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How Donald Trump Was Stumped at GOP Debate (Listen)

Also: Why Dems May Be Stuck With Six Debates; The Militarization of Police in 'Peace Officer'

The next few days of polls may very well show a continued Donald Trump lead among Republican contenders following this week’s presidential debate, but data from the event showed some hope for other candidates who’ve been trying to break through.

On the latest episode of Variety‘s “PopPolitics” on SiriusXM, Josh Ginsberg of ZignalLabs says that during the debate Trump captured about 23% of mentions in traditional and social media, whereas a typical day for him is usually 45% or as high as 60%.

“When he has to share the stage with others … he doesn’t have the same ability to really break through, especially when people touch on policy and things like that,” Ginsberg says.

Alan Schroeder, a professor at Northeastern University, said that “the problem is that he is extremely repetitious in what he says. If you watch one rally you have watched them all, and there is going to come a point where the novelty of that, if it hasn’t worn off already, quickly will.”

Schroeder is the author of “Presidential Debates: 50 Years of High Risk TV.”

He says, “It reminds me of Ross Perot, when he came out of the gate in ’92 in the first debate. By the second debate, where he was giving literally the same sound bites, people were bored with it, and I think we may see something along that line with Donald Trump.”

Of course, Trump has defied expectations before, but Wednesday’s debate proved to be a breakout for Carly Fiorina (landing an appearance on “The Tonight Show” on Monday) and a better gathering for Jeb Bush.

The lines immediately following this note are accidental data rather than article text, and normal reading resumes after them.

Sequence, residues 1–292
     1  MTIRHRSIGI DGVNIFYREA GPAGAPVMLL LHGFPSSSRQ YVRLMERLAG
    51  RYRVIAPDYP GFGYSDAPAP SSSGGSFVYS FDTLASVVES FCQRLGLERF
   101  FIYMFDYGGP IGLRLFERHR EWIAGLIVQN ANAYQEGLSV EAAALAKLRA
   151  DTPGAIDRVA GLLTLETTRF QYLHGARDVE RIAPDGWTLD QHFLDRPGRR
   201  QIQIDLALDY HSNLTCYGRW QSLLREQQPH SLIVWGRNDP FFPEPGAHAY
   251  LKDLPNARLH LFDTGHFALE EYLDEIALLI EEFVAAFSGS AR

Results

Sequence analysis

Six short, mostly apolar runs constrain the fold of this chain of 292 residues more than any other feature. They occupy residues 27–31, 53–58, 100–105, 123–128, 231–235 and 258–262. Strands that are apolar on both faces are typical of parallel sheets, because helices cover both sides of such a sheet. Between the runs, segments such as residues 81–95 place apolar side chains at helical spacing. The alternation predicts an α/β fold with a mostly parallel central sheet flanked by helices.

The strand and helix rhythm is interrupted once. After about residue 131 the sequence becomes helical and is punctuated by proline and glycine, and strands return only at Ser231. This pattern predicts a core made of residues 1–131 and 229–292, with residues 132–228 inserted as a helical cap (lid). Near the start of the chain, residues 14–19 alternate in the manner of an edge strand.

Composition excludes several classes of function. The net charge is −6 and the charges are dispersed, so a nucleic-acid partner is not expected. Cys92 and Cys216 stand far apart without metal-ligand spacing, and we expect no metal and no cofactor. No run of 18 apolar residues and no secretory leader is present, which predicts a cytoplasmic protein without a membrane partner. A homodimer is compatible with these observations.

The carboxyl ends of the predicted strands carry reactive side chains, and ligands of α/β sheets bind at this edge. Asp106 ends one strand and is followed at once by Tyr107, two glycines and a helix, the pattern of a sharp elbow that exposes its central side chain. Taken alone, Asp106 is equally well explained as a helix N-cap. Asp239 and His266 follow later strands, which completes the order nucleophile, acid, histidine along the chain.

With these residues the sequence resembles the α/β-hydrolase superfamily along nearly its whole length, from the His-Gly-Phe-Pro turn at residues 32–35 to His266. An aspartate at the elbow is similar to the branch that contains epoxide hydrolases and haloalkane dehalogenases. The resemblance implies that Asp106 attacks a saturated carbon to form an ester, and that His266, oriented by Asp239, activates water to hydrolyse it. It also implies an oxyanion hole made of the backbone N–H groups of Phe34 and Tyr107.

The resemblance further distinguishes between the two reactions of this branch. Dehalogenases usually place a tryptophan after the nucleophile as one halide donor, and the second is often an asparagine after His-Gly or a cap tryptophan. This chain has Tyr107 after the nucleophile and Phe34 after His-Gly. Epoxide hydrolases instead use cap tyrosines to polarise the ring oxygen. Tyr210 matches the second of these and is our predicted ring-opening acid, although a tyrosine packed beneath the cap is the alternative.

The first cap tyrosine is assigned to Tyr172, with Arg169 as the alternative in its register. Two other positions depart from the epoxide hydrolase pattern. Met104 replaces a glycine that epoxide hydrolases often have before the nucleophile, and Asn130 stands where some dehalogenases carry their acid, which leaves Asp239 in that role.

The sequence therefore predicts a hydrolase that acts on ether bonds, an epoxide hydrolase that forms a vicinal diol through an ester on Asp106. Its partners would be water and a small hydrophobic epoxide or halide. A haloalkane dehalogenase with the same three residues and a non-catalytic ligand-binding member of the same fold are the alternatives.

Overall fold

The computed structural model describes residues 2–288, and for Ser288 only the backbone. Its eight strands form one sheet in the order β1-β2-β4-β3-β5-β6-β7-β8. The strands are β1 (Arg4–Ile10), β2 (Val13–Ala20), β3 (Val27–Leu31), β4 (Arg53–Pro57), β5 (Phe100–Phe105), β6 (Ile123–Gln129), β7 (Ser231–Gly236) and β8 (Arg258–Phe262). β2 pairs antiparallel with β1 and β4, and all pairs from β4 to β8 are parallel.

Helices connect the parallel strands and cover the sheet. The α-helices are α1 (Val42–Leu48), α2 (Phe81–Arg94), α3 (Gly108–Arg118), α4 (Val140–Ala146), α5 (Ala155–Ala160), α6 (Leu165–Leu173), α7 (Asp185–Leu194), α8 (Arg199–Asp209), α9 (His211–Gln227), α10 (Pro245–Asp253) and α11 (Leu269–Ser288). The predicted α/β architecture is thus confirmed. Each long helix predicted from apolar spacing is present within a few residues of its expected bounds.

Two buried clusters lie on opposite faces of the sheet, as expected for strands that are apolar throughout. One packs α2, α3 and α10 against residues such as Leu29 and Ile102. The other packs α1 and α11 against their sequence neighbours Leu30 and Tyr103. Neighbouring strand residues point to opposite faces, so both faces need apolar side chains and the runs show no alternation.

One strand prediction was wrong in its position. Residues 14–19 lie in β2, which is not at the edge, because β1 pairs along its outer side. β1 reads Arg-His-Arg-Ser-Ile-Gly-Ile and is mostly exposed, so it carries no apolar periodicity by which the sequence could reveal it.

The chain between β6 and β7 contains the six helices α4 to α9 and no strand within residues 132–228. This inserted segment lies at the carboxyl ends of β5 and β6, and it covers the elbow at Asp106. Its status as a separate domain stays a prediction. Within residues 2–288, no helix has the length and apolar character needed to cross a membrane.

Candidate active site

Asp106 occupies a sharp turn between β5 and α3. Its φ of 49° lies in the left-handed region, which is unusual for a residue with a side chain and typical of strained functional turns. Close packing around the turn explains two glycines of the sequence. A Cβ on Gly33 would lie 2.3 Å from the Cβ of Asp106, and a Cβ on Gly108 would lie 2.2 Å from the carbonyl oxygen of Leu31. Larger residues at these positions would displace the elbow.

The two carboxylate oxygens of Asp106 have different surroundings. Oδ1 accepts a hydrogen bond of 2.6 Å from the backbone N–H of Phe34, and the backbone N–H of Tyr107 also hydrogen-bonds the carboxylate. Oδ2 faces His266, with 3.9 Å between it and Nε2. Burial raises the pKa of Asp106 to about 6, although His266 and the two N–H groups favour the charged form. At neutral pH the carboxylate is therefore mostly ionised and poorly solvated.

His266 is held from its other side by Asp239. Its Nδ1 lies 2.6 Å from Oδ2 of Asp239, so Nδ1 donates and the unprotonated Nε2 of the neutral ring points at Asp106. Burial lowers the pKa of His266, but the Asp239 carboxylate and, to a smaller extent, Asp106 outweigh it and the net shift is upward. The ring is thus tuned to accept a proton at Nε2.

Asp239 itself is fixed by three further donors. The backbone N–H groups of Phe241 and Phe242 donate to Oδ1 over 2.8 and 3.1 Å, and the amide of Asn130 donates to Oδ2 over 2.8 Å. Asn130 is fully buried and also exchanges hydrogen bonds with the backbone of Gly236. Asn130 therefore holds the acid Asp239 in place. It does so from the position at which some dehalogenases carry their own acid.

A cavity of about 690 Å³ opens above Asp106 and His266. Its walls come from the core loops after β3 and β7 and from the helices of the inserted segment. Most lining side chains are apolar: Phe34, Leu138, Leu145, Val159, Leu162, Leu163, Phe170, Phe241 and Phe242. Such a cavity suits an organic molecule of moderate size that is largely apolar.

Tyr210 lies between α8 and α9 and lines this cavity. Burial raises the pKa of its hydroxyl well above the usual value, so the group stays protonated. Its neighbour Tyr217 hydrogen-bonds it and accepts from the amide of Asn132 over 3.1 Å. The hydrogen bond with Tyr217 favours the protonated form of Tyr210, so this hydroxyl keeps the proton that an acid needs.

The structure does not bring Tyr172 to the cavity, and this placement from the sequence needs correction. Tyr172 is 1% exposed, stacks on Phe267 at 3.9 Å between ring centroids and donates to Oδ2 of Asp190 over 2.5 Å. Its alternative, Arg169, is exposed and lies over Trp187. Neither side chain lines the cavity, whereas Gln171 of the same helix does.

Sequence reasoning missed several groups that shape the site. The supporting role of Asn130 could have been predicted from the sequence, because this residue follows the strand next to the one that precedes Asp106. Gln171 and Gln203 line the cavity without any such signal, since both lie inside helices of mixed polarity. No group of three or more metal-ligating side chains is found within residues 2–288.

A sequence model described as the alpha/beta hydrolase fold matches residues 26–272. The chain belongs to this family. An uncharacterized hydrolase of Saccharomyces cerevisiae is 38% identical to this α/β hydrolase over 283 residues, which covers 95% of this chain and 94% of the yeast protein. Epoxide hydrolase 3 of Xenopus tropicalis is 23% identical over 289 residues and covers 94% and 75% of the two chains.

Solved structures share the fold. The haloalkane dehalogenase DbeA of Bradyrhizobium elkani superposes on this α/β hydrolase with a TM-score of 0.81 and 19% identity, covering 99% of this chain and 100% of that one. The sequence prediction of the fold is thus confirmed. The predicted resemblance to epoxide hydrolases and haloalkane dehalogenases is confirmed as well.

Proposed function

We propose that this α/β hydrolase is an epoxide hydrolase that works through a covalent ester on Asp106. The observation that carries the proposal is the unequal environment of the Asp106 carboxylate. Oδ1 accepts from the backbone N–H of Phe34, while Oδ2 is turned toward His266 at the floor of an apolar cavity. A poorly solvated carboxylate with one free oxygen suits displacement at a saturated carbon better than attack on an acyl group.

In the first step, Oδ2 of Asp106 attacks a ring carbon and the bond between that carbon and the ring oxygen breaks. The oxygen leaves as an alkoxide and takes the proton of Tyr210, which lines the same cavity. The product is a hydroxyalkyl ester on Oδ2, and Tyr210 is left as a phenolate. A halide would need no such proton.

Listen below:

The Debate Over Debates

Visiting the post-debate spin room at the Ronald Reagan Presidential Library, Democratic National Committee chairwoman Debbie Wasserman Schultz told reporters that the GOP debate was a “food fight,” and she gave little indication of budging from pressure by other Democratic candidates to expand the party’s debate schedule. House Democratic Leader Nancy Pelosi backed the idea of more debates in an interview with the Los Angeles Times on Friday.

“Every time you have a debate, there is a period of about three, four, five days that the entire operation has to get off the trail,” Wasserman Schultz told reporters. “You want to make sure those voters have a chance to kick the tires and really get the up-close retail look that the other candidates pride themselves on. We believe that six debates is enough. In the other election cycles the debate schedule got out of control so we wanted to make sure we put a little bit more control over it.”

Schroeder said that the problem is that “the other candidates who are calling for debates don’t really have the leverage to make it happen. Now if Joe Biden jumps in and he wants more debates, this may get rekindled. But yes, six is a really small number. Historically, it would be one of the shortest debate cycles ever for any major party in modern times.”

Listen below:

Fiorina’s Record

Nikki Schwab of Daily Mail and political consultant Matthew Littman talk about Fiorina’s new momentum, and whether it will be stopped by scrutiny over her record as CEO of Hewlett Packard. They also talk about the faltering candidacy of Scott Walker, and why his bald spot is the subject of attention.

Listen below:

“Peace Officer”

Dub Lawrence was the youngest sheriff in Utah in the 1970s — and among his innovations was to start a SWAT unit. But in 2008, such a strike team was called to a domestic disturbance involving Lawrence’s son-in-law, ultimately escalating the situation. It ended with an officer shooting his son-in-law to death, in what Lawrence sees as the increasing problem of the militarization of law enforcement.

Lawrence is at the center of the new movie “Peace Officer,” opening this weekend, and talked to “PopPolitics” along with directors Brad Barber and Scott Christopherson.

Listen below:

“PopPolitics,” hosted by Variety’s Ted Johnson, airs Thursdays at 2 p.m. ET/11 a.m. ET on SiriusXM’s political channel POTUS. It also is available on demand.

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